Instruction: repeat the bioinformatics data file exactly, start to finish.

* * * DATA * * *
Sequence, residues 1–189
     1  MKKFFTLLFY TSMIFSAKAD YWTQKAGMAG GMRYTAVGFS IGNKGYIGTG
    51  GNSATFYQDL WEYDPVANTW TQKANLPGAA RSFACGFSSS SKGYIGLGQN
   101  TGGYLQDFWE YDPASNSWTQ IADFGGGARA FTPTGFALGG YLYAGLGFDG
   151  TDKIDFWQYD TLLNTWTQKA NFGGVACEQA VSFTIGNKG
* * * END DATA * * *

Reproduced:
Sequence, residues 1–189
     1  MKKFFTLLFY TSMIFSAKAD YWTQKAGMAG GMRYTAVGFS IGNKGYIGTG
    51  GNSATFYQDL WEYDPVANTW TQKANLPGAA RSFACGFSSS SKGYIGLGQN
   101  TGGYLQDFWE YDPASNSWTQ IADFGGGARA FTPTGFALGG YLYAGLGFDG
   151  TDKIDFWQYD TLLNTWTQKA NFGGVACEQA VSFTIGNKG